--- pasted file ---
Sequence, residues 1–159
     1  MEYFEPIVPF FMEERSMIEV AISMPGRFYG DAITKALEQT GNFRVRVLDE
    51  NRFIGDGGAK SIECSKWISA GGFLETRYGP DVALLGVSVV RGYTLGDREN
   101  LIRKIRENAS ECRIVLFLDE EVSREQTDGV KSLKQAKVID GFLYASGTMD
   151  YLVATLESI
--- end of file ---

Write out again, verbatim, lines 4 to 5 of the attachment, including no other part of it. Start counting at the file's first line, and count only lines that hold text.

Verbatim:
   101  LIRKIRENAS ECRIVLFLDE EVSREQTDGV KSLKQAKVID GFLYASGTMD
   151  YLVATLESI